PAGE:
1902 Encyclopedia > A Gallatin

Albert Gallatin
U.S. financier and politician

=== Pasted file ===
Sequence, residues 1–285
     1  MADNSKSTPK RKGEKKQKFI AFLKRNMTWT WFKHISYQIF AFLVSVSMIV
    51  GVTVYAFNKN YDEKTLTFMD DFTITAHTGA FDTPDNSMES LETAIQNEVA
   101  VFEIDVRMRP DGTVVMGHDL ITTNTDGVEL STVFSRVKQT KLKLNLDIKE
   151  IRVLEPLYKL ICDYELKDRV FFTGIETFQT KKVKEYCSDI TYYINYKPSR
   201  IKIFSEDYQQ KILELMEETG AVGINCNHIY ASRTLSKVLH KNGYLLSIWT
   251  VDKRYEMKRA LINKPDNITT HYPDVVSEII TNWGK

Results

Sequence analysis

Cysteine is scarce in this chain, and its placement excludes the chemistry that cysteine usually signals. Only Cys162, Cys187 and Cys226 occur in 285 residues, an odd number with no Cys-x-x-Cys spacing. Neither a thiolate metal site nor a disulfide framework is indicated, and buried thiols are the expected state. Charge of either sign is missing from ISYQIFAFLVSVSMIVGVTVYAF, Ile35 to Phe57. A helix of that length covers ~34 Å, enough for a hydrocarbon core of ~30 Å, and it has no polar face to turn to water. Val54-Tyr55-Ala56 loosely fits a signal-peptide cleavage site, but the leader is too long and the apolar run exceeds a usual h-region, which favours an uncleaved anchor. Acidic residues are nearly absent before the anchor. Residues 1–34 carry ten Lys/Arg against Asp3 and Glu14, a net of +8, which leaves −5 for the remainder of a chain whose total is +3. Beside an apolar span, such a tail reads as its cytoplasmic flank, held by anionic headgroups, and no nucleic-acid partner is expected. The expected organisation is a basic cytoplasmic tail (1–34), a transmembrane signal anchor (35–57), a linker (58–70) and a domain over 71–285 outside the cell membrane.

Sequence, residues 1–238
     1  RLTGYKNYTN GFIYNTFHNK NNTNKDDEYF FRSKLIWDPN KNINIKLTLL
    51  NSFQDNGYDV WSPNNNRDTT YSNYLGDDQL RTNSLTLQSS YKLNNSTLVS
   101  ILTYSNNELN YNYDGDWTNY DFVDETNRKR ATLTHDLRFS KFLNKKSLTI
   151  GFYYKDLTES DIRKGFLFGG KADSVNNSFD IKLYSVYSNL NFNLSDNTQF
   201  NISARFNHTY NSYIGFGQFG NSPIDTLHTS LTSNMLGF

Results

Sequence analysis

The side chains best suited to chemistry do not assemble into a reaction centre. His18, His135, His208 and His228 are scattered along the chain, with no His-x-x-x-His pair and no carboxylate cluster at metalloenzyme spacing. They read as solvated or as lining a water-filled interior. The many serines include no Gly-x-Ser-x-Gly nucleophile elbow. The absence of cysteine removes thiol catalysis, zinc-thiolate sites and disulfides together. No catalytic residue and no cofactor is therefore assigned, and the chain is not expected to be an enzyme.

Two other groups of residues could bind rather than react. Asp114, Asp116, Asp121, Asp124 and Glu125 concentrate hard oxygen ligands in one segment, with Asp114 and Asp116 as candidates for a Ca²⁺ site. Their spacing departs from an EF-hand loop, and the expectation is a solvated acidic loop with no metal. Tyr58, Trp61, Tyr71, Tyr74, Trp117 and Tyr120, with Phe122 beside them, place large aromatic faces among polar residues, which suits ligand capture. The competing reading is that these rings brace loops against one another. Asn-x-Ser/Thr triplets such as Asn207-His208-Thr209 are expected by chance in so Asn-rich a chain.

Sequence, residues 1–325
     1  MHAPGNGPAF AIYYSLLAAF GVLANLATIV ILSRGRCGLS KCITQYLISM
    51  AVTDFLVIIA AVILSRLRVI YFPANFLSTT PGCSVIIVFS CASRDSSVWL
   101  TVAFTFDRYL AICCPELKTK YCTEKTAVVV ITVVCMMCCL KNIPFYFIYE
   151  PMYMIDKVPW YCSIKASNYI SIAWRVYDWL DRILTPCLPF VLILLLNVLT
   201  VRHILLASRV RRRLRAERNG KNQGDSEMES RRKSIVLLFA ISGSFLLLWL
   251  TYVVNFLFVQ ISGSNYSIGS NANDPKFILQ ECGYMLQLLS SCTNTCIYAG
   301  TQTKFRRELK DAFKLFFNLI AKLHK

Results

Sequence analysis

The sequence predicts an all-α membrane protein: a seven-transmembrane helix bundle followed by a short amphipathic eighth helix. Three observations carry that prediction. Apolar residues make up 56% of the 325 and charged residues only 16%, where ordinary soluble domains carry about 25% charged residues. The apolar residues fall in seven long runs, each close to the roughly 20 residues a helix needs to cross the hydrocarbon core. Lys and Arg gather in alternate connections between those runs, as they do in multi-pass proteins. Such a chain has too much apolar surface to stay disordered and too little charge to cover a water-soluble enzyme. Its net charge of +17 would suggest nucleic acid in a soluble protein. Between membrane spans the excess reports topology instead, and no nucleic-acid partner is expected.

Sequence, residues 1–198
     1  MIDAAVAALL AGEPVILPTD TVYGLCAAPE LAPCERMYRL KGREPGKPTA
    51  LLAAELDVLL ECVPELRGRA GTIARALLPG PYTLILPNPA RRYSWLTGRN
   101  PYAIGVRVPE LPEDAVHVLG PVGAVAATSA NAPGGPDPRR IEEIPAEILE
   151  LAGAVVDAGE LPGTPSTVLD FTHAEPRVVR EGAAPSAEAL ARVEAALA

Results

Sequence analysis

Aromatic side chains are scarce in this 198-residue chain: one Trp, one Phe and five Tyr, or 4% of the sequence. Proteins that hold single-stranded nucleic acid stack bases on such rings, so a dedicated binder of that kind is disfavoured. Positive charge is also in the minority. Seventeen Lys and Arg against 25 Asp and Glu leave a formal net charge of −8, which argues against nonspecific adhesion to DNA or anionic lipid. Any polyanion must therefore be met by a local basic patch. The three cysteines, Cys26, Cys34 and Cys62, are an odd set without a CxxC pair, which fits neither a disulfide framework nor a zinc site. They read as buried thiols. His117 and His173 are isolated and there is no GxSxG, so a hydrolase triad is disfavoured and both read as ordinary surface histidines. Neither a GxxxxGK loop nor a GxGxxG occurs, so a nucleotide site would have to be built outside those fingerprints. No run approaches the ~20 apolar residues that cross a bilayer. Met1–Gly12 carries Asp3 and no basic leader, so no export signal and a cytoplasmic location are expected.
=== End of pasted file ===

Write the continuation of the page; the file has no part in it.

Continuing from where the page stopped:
Family pride led the Gallatins to boast a descent from A. Atilius Callatinus, the Roman consul (A. U. C. 494 and 498). A gap of fifteen hundred years between the consul and. the first appearance of the name in European history tends to invalidate this rather splendid bit of genealogy, but there can be no doubt that the Gallatins were both an old and noble family. They are first heard of in Savoy in the year 1258, and more than two centuries later they came to Geneva (1510), united with Calvin in his opposition to Rome, and associated their fortunes with those of the little Swiss city. Here they remained, and with one or two other great families governed Geneva, anfl sent forth many representatives to seek their fortune and win distinction in the service of foreign princes, both as soldiers and ministers. On the eve of the French Revolu-tion the Gallatins were still in Geneva, occupying the same position which they had held for two hundred years. They were republican nobles, simple in their manners, frugal and unostentatious in their habits of life, but genuine aristocrats of high breeding and cultivated minds. They numbered among their friends such widely different persons as Voltaire and the landgrave of Hesse, and, although not wealthy, had everything that could reasonably be desired both socially and politically.